CHINA: Academic imprisoned for criticising government

A former professor at Nanjing Normal University and leader of a campaign for competitive multiparty democracy has been sentenced to 10 years in prison by Chinese authorities for alleged 'subversion of state power', the Financial Times has reported. Guo Quan was sentenced on 16 October in Suqian, a city in the eastern province of Jiangsu, four months after the case was filed with the court in June.

Guo had previously criticised the government in a series of open letters to party officials published on the internet, in which he highlighted issues such as their initial refusal of international offers of aid in the aftermath of the 2008 earthquake in Sichuan province and the plight of dispossessed peasant landowners and unemployed workers.

In 2007 he founded the New Democracy Party of China, which called for more open and competitive elections. Following this he was fired from his post at the university and had his house raided by police.

The sentence follows recent government crackdowns surrounding dates such as the 60th anniversary of the founding of the People's Republic and the 20th anniversary of the massacre of student protestors in Tiananmen Square.

IRAN: Kian Tajbakhsh sentenced to 12 years in prison

An Iranian American academic has been sentenced to at least 12 years imprisonment in Iran for allegedly 'acting against national security' by taking part in anti-government demonstrations that followed the controversial presidential election result in June, Associated Press reports.

Kian Tajbakhsh, a social scientist and urban planner who once taught urban policy at the New School in New York City, was sentenced as part of the mass trial of hundreds of protestors, reformists, journalists and academics accused of attempting to overthrow the government of Mahmoud Ahmedinejad in the wake of the elections. Tajbakhsh's sentence is the heaviest given so far and came despite an appeal from the US Secretary of State Hilary Rodham Clinton.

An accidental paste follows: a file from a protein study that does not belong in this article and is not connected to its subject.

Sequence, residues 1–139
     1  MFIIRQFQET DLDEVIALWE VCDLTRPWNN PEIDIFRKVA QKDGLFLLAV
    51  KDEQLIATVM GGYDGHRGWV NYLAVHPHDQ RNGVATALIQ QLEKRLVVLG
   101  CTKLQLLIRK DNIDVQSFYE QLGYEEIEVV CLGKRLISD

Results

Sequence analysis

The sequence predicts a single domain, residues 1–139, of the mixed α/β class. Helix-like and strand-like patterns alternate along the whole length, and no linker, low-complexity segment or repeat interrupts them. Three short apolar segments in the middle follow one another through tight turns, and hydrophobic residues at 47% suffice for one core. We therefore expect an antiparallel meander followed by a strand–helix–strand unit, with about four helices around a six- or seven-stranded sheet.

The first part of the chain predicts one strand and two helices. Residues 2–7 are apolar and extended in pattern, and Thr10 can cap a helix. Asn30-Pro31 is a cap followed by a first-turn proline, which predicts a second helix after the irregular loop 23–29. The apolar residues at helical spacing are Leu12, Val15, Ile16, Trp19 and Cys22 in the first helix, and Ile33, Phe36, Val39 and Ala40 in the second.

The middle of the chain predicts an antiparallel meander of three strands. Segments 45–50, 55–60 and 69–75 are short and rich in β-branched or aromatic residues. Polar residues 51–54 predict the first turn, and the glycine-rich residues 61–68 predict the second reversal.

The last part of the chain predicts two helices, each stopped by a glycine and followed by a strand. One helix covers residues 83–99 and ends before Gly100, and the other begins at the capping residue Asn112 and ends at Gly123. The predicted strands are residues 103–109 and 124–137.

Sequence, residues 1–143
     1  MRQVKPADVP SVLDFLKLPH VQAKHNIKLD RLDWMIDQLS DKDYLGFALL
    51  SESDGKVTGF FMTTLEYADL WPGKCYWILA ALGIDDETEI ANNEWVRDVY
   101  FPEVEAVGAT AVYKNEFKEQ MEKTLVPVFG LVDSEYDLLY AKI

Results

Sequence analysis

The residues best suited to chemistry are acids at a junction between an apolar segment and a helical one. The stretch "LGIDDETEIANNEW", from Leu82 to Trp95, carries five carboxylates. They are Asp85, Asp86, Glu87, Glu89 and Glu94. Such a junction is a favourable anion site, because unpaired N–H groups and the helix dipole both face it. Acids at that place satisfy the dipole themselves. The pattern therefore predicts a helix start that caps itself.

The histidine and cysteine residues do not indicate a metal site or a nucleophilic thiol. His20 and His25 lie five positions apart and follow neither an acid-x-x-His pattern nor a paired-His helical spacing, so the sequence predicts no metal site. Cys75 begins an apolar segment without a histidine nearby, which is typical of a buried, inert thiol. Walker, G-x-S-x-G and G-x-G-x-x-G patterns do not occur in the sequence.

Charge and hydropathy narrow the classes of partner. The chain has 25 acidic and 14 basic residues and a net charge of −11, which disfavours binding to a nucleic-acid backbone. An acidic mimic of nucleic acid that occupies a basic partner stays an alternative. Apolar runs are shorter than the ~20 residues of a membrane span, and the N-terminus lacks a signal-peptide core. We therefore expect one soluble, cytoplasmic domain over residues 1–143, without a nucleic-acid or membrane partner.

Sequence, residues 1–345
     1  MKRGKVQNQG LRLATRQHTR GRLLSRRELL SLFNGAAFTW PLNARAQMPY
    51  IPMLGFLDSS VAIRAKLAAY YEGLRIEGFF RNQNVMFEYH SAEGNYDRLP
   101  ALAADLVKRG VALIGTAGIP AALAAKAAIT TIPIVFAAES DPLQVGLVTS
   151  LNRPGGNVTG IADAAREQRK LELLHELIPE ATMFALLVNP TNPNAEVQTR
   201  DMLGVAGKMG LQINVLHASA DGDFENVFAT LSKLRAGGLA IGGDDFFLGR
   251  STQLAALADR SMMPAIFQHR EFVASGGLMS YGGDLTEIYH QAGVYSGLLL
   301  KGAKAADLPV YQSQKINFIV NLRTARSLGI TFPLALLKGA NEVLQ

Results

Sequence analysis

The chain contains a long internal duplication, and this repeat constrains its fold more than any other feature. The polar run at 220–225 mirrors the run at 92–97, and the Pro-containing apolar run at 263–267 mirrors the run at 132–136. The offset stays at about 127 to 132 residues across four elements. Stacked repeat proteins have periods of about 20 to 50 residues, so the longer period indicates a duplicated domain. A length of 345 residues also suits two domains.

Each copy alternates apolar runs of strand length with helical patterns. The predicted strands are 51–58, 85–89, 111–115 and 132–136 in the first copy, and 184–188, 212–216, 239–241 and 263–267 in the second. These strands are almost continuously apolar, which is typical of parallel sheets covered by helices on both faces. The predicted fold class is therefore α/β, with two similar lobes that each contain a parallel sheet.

Tajbakhsh had been arrested previously as the result of his work for the Open Society Institute, an organisation that supports democracy worldwide. He is said to have kept a low profile following this arrest and concentrated on his academic work. He has denied any knowledge or involvement with 'foreign interference' in the protests.

USA: Professor to resign after funding withdrawn

A professor at the University of Alaska has announced his intention to quit after the university rejected his allegation that he lost a $10,000 federal research grant due to his continued criticism of the oil industry.

Rick Steiner, a professor of fisheries and marine conservation, had filed a grievance in February in which he complained that administrators at the university had bowed to pressure from officials at the National Oceanic and Atmospheric Administration to withdraw the grant on the grounds of his vocal condemnation of the environmental damage caused by big oil companies in the region. He alleged that this constituted a breach of his academic freedom.

In October the university rejected his complaint, saying that the federal agency itself had acted to withdraw the grant on the grounds that his work had constituted 'inappropriate advocacy' for a federal extension agent and therefore made him ineligible for funding. The university also stated that after the grant had been withdrawn they had provided the funds for Steiner to continue his research.

In an email to Inside Higher Ed, Steiner said that as his faculty union had decided not to pursue external arbitration he felt that he had no choice but to leave his post.

UK: Criticism of new research funding proposals

The UK's University and College Union (UCU) has criticised new research funding proposals by the Higher Education Funding Council for England which would see 25% of future research assessed according to 'economic impacts'.

UCU claims that allowing government and business concerns to dictate the allocation of funding would constitute a threat to academic freedom and could result in other valuable areas of research being neglected. They fear that if such proposals were acted upon it could lead to academics leaving the UK for countries where such legislation did not exist.

* Daniel Sawney and Jonathan Travis work for the Network for Education and Academic Rights (NEAR)